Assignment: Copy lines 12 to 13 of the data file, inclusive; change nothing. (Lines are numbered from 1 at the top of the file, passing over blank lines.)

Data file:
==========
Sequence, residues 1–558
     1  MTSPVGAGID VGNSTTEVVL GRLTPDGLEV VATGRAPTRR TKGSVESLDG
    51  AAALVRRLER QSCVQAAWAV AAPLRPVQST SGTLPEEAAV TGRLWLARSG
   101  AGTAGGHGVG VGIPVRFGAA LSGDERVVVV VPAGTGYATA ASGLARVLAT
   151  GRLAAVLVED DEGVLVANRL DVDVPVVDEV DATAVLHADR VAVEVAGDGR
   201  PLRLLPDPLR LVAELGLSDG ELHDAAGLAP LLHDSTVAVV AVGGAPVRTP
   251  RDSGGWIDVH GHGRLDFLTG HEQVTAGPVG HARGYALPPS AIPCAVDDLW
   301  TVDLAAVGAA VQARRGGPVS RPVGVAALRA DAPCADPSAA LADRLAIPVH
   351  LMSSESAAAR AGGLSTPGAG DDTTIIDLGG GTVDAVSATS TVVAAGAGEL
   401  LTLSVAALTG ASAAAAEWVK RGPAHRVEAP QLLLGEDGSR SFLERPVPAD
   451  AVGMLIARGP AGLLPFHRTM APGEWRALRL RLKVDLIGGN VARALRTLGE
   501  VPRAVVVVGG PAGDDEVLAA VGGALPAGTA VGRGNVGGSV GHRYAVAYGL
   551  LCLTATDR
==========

   501  VPRAVVVVGG PAGDDEVLAA VGGALPAGTA VGRGNVGGSV GHRYAVAYGL
   551  LCLTATDR